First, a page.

Date of Award
Master of Science (MS)
Nielson, Bryant G
Schiff , Scott D
Pang , WeiChiang
Adjacent beam bridges, such as box beams and hollow core bridges have been one of the most popular forms of precast prestressed bridges in the past. Recently, an awareness of major durability problems has led owners to make improvements to the old standards or move away from the system completely. These issues usually stem from the breakdown of the shear key which provides continuity between adjacent members. This research focuses on determining the best improvements that will reduce durability issues and increase the bridge's service life.
A review of previous research performed on adjacent beam bridges is performed, focusing on shear key design and post-tensioning requirements. State Departments of Transportation were also surveyed on their past use of this bridge type and the observed performance of their standard details. Conclusions were gathered concerning the changes in shear key design, post-tensioning and overlay requirements to determine what design methods had the most impact on bridge performance.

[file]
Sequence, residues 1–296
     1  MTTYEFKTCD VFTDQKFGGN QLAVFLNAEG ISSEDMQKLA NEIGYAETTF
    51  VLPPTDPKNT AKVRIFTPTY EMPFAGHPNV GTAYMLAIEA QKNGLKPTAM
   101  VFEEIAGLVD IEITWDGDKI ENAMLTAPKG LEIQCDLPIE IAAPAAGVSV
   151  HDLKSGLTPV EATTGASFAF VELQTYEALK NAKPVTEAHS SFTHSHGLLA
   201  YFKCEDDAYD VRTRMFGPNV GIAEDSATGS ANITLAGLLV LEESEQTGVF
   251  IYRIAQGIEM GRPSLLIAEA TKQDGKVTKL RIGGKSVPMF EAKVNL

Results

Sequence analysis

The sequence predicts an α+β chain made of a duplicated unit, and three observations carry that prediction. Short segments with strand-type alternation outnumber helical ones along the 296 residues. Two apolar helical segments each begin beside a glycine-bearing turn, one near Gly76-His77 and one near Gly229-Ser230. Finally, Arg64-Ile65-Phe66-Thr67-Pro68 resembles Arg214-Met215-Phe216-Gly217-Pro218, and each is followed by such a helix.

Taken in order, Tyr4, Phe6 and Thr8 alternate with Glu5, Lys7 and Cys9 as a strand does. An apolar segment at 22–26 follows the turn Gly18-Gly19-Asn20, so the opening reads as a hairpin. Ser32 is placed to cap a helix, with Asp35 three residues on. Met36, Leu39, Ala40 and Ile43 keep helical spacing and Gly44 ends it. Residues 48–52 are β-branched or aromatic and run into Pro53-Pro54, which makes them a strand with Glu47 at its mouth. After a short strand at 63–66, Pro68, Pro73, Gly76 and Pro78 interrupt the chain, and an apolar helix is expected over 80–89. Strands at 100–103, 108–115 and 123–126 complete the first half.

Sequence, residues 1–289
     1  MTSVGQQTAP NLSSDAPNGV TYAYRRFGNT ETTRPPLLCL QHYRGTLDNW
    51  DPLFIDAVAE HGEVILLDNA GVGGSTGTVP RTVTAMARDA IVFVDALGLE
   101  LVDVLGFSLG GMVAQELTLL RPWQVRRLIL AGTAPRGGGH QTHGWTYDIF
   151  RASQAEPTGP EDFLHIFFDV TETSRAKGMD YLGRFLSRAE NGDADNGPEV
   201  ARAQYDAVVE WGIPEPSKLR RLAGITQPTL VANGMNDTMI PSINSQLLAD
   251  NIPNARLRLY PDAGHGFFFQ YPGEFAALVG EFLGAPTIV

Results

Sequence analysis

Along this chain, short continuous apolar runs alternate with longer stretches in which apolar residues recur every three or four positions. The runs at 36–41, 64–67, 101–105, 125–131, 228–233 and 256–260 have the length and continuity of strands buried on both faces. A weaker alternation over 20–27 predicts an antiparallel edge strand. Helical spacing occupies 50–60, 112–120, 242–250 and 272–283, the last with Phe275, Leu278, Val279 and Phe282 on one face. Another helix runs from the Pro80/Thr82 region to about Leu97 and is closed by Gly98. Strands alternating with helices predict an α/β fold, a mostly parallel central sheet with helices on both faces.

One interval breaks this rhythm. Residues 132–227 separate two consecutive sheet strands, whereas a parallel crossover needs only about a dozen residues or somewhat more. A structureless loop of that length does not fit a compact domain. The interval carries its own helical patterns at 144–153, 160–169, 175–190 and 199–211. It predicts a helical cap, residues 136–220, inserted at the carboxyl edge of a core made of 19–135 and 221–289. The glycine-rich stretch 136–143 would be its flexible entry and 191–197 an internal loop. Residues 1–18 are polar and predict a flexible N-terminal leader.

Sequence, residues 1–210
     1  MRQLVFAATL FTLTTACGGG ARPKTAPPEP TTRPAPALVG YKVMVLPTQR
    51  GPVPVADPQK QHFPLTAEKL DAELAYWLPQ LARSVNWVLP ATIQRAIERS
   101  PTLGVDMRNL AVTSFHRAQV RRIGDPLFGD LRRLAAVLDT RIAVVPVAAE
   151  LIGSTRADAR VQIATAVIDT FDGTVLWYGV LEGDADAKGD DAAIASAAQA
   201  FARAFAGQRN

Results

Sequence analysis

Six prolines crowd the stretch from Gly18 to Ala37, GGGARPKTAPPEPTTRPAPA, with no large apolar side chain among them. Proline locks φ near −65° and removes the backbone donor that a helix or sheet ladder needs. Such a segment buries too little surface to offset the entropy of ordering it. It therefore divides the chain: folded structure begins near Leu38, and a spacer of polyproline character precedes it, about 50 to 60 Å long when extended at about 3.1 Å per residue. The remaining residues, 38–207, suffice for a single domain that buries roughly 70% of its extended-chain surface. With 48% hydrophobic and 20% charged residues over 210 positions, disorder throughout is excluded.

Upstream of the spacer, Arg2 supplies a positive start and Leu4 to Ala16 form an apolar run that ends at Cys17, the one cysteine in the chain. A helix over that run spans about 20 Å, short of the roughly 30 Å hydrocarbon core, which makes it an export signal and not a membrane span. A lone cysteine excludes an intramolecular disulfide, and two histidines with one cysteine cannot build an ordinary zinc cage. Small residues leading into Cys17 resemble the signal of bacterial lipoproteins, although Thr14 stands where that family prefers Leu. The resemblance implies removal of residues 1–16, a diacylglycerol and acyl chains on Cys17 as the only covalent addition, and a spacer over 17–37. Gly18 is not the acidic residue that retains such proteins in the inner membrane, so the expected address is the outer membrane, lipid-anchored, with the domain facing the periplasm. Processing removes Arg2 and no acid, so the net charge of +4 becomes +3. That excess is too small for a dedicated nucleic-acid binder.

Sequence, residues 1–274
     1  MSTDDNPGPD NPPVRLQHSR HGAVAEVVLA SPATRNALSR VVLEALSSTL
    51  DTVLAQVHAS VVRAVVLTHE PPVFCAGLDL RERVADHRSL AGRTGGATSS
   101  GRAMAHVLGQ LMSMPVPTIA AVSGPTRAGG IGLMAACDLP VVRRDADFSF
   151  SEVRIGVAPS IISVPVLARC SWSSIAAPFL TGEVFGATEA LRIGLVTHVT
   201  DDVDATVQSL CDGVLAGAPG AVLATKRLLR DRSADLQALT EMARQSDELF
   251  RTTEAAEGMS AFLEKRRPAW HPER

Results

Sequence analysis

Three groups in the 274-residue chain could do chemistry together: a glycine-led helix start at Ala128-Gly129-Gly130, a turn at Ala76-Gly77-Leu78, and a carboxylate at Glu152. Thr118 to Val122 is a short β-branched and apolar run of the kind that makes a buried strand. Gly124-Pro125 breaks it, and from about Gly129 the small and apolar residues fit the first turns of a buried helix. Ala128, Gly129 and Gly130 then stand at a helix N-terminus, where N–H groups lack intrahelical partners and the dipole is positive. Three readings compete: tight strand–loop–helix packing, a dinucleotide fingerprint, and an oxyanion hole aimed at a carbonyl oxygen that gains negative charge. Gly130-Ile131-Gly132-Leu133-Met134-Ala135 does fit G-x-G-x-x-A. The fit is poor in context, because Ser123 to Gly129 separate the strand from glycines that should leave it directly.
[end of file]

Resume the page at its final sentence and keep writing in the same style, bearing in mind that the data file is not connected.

A fatigue study modeling the standard hollow core bridge sections used in South Carolina was performed using Monte Carlo simulations with Latin Hypercube sampling. This study was used to determine the influence of average annual daily traffic (AADT), corrosive environment and shear key degradation on the service life of an adjacent beam bridge. Most physical and material properties of the simulated bridge were treated as random variables. The program only considered heavy truck loads as damage inducers.
The fatigue study found that shear key performance, AADT and the corrosive environment of the bridge all have significant effect on the service life of a structure. It was found that if a shear key performed well enough to perfectly emulate a cast-in-place slab, the hollow core detail could be considered for use on roads with up to 50,000 AADT.
Roberts, Sara, "INFLUENCE OF SHEAR KEY PERFORMANCE ON THE FATIGUE LIFE OF ADJACENT BEAM BRIDGES" (2010). All Theses. 923.